© 2021 American Meteorological Society. For information regarding reuse of this content and general copyright information, consult the AMS Copyright Policy (www.ametsoc.org/PUBSReuseLicenses).

Corresponding author: Fang-I Wen, fangiwen@cier.edu.tw

Abstract

A better understanding of farmers’ investment strategies associated with climate and weather is crucial to protecting farming and other climate-exposed sectors from extreme hydrometeorological events. Accordingly, this study employed a field experiment to investigate the investment decisions under risk and uncertainty by 213 farmers from four regions of Taiwan. Each was asked 30 questions that paired “no investment,” “investment with crop insurance,” “investment with subsidized crop insurance,” and “investment” as possible responses. By providing imperfect information and various probabilities of certain states occurring, the experimental scenarios mimicked various types of weather-forecasting services. As well as their socioeconomic characteristics, the background information we collected about the participants included their experiences of natural disasters and what actions they take to protect their crops from weather damage. The sampled farmers became more conservative in their decision-making as the weather forecasts they received became more precise, except when increases in risk were associated with high returns. The provision of insurance subsidies also had a conservatizing effect. However, considerable variation in investment preferences was observed according to the farmers’ crop types. For those seeking to create comprehensive policies aimed at helping the agricultural sector deal with the costs of damage from extreme events, this study has important implications. This approach could be extended to research on the perceptions of decision-makers in other climate-exposed sectors such as the construction industry.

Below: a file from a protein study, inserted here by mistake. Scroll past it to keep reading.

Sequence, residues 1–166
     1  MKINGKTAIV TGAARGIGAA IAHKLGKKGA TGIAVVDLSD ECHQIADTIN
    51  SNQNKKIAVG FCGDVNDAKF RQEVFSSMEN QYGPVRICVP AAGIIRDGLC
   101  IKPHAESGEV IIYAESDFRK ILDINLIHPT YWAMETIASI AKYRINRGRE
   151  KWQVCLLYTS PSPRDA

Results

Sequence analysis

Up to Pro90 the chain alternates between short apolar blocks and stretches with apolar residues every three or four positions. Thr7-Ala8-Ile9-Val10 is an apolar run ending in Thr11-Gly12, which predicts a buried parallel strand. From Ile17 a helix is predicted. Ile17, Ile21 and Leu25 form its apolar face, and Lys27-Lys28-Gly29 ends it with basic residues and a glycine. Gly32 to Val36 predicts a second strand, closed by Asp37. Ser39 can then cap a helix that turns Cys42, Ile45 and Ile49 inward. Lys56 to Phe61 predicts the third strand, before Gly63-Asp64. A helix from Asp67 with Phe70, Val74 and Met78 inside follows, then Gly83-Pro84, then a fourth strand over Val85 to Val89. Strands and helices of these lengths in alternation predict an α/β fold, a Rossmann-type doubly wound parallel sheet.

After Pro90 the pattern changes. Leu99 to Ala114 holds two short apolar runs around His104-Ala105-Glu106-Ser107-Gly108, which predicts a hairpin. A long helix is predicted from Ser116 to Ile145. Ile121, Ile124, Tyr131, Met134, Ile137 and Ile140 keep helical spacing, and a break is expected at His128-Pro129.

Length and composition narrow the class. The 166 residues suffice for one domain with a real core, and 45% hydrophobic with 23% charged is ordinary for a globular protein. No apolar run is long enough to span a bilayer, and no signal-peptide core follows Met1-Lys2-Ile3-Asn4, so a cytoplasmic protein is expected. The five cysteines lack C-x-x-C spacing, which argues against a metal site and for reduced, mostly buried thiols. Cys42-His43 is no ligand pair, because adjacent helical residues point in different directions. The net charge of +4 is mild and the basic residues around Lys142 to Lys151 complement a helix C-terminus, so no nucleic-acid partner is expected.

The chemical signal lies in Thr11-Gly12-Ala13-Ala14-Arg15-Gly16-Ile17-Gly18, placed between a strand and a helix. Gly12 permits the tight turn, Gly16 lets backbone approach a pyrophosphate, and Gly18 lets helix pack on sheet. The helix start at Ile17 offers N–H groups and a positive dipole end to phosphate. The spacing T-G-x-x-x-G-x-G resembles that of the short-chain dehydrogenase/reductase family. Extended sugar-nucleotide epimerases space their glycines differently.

Significance Statement

While farmers have shown their eagerness to obtain timely weather forecasts and better forecasting precision, we would like to understand how they respond to an enhanced weather-forecast service. We observe 213 Taiwanese farmers’ investment preferences using a field experiment involving 30 questions. Two weather states, good and bad, are used to mimic various types of agricultural harvest environment. The proportion of weather states indicates the likelihood of states occurring. The unknown state, controlled by providing imperfect information, implies the accuracy of forecasts. The less that is unknown, the more accurate is the forecast. In addition, we examine farmers’ decisions in the experiment in accordance with their socioeconomic characteristics and experiences of natural disasters in the real world. Our findings suggest that, in general, farmers could be more conservative as the weather forecast became more precise. However, such an effect varies with the farmers’ crop types. Moreover, the provision of insurance subsidies also has a conservatizing effect. We also provide policy implications not only in relation to enhanced weather forecasting, but also in regard to crop insurance against natural disasters.

© 2021 American Meteorological Society. For information regarding reuse of this content and general copyright information, consult the AMS Copyright Policy (www.ametsoc.org/PUBSReuseLicenses).

Corresponding author: Fang-I Wen, fangiwen@cier.edu.tw